Case report

Index case: The patient was 21 years old male, Han ethnic, and presented with progressive ataxia and vague speech beginning at age 15 years. At the age of 15, his families and friend found that his speech was lisped and walking instability. Speech intermittently, talks on and off, unable to control speed. At the same time, he has drunk feeling when work, not his feet on the ground. At first he pay no `attention to it, but the above symptoms gradually aggravate. In his 19 years old, he can't work normally and losing his job. And have to ask for doctor, but head MRI did not see anomaly (Figure 1). No obvious vision loss and blindness, no memory decline.

Figure 1. The brain magnetic resonance imaging of the index patient.

Neology system examination: Consciousness is clear, verbal ambiguity, recite poems sample language, intelligence is normal, vision is good, no color-blindness, gaze palsy when eye lookup, other eye movement is free, no diplopia and nystagmus. Uvula in center, gag reflex exist, Limb muscle tension normal, strength grade V, left strength was slightly weak. Tendon reflex is active, ankle clonus is positive. Double side pathological sign is positive. Left body pain is decline. Deep feeling is existed. Both finger-nose test and heel-knee-tibia test is a bit poor in two side. Upper limb alternating movement is poor, right upper limb rebound test is poor. Romberg's sign (+), linear walk can't. Double foot is cavus.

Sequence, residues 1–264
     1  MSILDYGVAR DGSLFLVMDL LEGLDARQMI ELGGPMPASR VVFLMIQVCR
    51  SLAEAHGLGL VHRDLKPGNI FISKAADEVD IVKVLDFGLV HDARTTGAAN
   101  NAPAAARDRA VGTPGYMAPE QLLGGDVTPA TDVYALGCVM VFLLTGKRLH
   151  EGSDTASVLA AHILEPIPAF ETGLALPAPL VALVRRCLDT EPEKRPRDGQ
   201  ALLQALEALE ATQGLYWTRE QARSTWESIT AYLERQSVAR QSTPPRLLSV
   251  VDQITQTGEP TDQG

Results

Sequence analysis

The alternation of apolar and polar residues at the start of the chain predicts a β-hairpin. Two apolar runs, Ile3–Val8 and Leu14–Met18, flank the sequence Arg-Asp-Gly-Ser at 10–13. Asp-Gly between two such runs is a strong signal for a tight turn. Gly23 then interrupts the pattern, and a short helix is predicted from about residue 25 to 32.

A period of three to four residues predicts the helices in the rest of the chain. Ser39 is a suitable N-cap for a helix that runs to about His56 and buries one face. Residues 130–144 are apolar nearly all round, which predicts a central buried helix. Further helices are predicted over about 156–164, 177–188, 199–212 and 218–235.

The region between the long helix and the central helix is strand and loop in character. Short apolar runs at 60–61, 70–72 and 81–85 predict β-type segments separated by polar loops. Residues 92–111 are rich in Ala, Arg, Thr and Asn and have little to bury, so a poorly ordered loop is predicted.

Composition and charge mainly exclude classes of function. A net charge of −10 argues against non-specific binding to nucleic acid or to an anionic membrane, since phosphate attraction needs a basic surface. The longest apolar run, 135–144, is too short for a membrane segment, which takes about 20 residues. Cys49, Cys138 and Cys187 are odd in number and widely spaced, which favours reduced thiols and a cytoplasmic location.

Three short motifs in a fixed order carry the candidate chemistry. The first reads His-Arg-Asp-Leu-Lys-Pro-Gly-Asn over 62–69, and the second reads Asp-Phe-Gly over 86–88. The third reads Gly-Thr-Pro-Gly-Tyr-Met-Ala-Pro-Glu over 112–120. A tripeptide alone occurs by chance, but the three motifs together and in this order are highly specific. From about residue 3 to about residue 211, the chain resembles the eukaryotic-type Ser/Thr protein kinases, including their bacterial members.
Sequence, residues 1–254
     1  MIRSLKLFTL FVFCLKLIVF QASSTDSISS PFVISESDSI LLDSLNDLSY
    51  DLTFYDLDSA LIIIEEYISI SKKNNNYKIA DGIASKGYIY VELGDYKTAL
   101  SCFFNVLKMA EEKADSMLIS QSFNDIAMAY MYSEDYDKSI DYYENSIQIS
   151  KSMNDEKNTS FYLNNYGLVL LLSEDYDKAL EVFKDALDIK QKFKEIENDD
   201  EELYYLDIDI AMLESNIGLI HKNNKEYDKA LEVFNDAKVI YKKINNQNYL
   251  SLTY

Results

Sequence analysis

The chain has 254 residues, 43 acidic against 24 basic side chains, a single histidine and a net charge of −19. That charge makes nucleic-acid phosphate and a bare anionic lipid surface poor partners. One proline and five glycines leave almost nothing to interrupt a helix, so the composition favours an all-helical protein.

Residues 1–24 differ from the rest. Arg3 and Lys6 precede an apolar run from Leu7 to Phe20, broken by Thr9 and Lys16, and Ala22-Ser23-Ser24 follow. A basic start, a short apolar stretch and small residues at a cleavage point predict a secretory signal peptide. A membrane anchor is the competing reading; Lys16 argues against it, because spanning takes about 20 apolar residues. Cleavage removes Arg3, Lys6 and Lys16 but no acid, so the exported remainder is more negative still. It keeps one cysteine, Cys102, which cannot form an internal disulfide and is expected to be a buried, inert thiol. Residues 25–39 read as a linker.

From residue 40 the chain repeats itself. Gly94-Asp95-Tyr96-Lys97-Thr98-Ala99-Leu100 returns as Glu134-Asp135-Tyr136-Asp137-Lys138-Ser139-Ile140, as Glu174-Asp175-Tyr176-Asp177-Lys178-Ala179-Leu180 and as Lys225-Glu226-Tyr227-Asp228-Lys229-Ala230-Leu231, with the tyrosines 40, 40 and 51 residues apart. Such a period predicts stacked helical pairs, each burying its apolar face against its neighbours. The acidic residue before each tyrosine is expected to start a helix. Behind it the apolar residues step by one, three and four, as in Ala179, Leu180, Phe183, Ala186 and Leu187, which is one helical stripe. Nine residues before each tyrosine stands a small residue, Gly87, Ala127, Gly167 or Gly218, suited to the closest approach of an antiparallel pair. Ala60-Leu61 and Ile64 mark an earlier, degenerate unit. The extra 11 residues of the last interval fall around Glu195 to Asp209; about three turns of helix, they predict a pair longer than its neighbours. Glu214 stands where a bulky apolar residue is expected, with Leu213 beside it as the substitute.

Auxiliary examination: Routine blood, blood biochemical, blood sedimentation, HIV, syphilis, tumor markers, thyroid function, hepatitis virus check all normal. Abdomen color ultrasound, Ultrasonic Cardiogram is normal. EEG is abnormal, hyperventilation induce a repeated fits 5 ~ 6 HZ θ activities. Head MRI did not see anomaly, no cerebellar or brainstem atrophy. Visual evoked potentials and Brainstem auditory evoked potentials are normal. There is normal visual field, and normal color discrimination with Ishihara color test. There was neither ophthalmoparesis nor nystagmus. Funduscopic examination showed neither macular pigmentation nor disc pallor.